I want to write a book about some of the female jazz singers of the 1950s, particularly the “cool” white women who embodied the tension between the goody-two-shoes image of postwar suburban America and its desire for normalcy, and the addictive lure of rhythm and the night. June Christy would be in this book, along with Anita O’Day, Blossom Dearie, Julie London, Irene Kral…. I’m taking suggestions.
The two most famous members of this set mark out the territory: Doris Day, a great jazz singer who become the ultimate symbol of modesty and decorum; and Peggy Lee, the North Dakota girl who got the “Fever” and never seemed to shake it.
This sublime video clip of “the misty Miss Christy” performing with a jazz combo featuring Nat “King” Cole and Mel Tormé shows what I’m talking about. June’s all smiles, like she just finished baking a cherry pie. But she’s got the syncopation, she’s got the blue notes (especially in the way she ends the song), there’s a hint of smoke, and you can just tell, she might have grown up in a house with a white picket fence, but that’s not where she lives now.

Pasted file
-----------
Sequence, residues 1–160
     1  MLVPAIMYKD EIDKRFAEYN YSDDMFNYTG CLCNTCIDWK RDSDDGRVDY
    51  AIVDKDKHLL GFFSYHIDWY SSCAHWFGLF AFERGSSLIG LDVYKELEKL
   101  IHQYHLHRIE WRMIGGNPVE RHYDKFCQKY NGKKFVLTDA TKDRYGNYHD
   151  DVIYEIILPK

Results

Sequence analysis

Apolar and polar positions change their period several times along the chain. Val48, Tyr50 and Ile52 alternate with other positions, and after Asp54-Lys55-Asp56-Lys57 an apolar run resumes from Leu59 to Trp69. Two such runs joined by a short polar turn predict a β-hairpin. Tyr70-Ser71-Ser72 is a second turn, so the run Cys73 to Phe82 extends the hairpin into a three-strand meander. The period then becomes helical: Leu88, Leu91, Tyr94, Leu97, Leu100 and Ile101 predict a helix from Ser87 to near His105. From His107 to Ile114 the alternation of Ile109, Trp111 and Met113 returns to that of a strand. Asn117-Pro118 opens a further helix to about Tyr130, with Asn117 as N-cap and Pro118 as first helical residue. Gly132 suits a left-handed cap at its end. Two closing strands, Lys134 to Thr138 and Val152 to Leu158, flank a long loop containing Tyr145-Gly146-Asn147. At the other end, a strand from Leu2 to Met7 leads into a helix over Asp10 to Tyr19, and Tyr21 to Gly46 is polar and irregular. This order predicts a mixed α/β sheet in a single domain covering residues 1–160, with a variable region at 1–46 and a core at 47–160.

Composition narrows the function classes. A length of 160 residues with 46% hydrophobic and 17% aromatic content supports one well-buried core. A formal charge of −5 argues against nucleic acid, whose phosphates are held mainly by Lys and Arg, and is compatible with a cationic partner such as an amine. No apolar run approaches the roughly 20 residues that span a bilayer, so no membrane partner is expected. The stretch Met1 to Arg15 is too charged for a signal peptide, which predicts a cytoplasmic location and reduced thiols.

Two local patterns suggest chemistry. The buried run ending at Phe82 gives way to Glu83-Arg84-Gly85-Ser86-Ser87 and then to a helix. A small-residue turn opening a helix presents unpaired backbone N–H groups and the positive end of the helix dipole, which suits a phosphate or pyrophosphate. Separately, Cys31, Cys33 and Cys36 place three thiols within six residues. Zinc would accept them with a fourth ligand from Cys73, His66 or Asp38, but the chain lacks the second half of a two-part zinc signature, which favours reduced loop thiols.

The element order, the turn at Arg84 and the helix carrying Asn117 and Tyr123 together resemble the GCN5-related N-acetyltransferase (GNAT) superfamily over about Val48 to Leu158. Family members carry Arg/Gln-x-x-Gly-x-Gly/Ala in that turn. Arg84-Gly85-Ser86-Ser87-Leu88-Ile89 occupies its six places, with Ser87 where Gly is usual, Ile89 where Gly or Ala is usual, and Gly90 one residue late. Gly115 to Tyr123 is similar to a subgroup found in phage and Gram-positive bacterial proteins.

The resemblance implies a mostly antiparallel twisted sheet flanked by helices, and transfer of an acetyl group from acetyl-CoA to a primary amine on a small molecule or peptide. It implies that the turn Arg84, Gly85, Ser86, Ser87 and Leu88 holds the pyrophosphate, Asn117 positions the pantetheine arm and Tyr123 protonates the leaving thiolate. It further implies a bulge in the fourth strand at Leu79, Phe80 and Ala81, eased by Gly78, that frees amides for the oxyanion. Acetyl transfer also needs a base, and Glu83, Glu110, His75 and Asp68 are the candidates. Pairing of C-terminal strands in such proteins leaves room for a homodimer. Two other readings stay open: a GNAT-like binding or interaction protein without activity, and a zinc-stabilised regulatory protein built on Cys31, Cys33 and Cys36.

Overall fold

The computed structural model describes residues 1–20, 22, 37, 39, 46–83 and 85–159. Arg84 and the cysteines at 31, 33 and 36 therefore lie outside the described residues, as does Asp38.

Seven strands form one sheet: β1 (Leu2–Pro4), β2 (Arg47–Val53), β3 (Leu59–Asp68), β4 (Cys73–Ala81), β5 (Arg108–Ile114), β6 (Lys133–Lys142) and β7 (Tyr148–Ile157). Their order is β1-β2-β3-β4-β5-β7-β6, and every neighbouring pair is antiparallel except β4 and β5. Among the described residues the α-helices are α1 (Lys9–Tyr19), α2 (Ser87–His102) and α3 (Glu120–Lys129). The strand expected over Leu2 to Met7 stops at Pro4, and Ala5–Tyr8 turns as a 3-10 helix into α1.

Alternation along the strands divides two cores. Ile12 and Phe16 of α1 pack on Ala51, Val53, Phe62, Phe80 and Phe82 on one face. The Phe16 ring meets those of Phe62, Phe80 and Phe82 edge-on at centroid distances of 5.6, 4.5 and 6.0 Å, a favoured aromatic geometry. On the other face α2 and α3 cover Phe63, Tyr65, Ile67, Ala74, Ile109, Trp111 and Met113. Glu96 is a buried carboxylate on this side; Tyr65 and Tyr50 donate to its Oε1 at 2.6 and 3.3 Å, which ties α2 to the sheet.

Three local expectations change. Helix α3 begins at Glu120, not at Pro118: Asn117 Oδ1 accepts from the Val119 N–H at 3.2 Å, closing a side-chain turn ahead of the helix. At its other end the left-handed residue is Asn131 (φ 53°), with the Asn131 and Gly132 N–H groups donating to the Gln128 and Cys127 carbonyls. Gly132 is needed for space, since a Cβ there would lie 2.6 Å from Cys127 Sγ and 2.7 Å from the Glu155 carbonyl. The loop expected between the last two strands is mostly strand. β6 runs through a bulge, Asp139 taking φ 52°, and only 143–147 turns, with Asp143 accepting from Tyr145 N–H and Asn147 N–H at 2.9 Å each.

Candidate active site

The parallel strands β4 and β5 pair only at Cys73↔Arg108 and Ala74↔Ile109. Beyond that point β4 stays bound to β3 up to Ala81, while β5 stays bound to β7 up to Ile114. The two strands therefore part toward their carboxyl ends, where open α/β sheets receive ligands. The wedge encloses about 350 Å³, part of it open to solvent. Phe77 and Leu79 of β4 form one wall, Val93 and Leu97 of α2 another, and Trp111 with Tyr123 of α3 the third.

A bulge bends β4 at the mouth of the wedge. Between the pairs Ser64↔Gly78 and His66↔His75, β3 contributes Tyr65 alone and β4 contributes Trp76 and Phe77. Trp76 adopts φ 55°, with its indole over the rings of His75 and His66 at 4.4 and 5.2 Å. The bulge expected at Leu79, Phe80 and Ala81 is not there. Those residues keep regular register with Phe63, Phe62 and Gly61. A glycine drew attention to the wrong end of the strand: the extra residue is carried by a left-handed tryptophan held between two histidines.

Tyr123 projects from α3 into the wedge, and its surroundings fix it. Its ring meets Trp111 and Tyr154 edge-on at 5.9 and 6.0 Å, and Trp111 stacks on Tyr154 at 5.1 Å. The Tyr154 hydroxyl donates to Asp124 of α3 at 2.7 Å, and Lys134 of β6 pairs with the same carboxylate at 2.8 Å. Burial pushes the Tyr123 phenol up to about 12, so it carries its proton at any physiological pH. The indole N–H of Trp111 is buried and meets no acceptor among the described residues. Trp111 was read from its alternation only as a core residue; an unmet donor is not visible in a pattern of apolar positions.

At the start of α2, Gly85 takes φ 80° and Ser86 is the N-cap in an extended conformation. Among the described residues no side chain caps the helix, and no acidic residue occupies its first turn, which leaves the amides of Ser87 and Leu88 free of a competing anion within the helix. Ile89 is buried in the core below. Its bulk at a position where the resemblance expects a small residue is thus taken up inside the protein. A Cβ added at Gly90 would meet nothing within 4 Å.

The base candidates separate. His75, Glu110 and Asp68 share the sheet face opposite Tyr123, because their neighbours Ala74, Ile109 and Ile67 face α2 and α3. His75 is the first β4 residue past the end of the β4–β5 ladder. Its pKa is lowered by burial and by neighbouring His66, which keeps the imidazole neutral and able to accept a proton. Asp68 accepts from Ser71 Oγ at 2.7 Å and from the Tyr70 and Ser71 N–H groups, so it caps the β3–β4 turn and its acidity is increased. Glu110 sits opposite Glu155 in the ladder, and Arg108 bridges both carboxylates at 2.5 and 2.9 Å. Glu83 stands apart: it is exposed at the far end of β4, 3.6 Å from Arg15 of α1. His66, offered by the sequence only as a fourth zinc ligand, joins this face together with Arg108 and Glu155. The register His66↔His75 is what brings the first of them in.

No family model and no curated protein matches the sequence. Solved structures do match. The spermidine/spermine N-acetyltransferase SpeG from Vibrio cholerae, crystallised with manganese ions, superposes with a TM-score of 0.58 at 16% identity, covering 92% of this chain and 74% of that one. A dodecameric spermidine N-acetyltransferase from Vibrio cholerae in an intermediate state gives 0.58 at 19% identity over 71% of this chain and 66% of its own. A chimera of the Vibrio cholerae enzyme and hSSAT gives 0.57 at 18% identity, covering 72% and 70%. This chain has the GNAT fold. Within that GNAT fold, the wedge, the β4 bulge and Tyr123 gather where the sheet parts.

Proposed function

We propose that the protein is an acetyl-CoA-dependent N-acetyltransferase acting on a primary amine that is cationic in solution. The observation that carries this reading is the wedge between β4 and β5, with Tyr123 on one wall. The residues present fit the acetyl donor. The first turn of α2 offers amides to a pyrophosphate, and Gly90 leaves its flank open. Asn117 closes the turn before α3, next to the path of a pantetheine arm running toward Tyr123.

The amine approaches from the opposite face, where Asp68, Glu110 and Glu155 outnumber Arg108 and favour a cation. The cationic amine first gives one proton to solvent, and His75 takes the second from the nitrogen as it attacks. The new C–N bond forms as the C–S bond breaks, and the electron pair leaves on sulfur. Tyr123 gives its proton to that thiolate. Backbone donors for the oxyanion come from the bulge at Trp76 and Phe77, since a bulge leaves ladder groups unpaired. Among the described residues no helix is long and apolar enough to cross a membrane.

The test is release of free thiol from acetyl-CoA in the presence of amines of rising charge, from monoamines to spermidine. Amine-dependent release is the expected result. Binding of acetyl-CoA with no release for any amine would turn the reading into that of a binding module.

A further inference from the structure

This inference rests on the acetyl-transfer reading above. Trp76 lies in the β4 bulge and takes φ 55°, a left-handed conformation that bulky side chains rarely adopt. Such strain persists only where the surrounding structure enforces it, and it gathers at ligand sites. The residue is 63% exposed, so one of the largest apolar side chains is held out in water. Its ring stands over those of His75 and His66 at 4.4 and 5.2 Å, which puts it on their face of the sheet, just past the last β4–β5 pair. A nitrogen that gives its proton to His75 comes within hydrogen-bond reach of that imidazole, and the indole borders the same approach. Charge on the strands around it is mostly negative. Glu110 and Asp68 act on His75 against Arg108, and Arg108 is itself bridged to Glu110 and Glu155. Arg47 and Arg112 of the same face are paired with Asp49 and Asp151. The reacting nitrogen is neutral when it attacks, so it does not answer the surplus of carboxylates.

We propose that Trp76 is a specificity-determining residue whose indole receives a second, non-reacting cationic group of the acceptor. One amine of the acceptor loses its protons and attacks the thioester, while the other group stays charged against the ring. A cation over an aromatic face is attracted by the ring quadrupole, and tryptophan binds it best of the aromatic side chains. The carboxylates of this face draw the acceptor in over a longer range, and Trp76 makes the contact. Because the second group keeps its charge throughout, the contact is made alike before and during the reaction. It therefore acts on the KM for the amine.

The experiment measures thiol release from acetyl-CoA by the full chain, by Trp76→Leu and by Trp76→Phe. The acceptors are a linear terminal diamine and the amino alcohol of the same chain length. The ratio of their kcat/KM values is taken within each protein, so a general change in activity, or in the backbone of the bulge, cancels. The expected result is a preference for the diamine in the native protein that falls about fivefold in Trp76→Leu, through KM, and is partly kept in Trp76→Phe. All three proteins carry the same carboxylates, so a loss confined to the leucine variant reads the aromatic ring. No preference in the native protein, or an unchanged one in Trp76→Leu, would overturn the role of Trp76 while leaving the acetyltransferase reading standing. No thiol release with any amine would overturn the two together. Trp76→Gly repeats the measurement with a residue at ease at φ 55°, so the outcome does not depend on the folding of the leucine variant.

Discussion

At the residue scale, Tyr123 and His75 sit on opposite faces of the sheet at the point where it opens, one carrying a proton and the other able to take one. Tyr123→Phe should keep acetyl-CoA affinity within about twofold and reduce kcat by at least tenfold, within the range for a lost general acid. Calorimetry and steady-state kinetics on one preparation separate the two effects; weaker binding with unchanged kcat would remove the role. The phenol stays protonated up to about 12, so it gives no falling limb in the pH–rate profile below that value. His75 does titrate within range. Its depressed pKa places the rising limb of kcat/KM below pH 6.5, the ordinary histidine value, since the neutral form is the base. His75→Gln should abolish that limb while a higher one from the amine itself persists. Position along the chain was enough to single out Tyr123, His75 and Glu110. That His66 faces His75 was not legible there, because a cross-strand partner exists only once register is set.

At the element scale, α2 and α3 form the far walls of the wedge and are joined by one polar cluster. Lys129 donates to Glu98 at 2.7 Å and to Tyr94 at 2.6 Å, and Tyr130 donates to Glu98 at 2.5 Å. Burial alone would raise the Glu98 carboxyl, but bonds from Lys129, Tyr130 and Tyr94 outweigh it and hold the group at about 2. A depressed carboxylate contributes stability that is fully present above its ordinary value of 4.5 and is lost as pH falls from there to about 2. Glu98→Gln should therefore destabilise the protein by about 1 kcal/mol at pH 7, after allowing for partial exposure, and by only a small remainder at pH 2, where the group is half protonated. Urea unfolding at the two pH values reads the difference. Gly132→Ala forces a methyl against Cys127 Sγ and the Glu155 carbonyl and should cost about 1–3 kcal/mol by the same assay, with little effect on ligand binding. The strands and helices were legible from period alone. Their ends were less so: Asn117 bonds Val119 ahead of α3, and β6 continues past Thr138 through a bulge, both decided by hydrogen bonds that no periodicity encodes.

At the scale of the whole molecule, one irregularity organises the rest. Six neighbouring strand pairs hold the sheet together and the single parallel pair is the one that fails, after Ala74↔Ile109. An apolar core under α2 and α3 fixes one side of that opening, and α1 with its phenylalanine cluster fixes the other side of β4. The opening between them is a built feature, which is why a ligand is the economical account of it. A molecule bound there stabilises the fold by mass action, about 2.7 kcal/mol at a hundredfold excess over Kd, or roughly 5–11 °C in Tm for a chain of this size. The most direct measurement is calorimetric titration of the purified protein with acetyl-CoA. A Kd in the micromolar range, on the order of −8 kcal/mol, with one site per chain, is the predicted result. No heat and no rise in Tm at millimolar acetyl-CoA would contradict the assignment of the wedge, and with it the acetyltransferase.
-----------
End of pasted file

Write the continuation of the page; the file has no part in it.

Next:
Nat “King” Cole is a name that should be familiar to you, but you probably think of him more as a singer of great pop songs like “Rambling Rose,” “But Beautiful,” and that Christmas tune that begins “Chestnuts roasting on an open fire…” But he got his start as a pianist, and you get to see him in all his Oscar Peterson-like glory here.
Welcome to my obsession….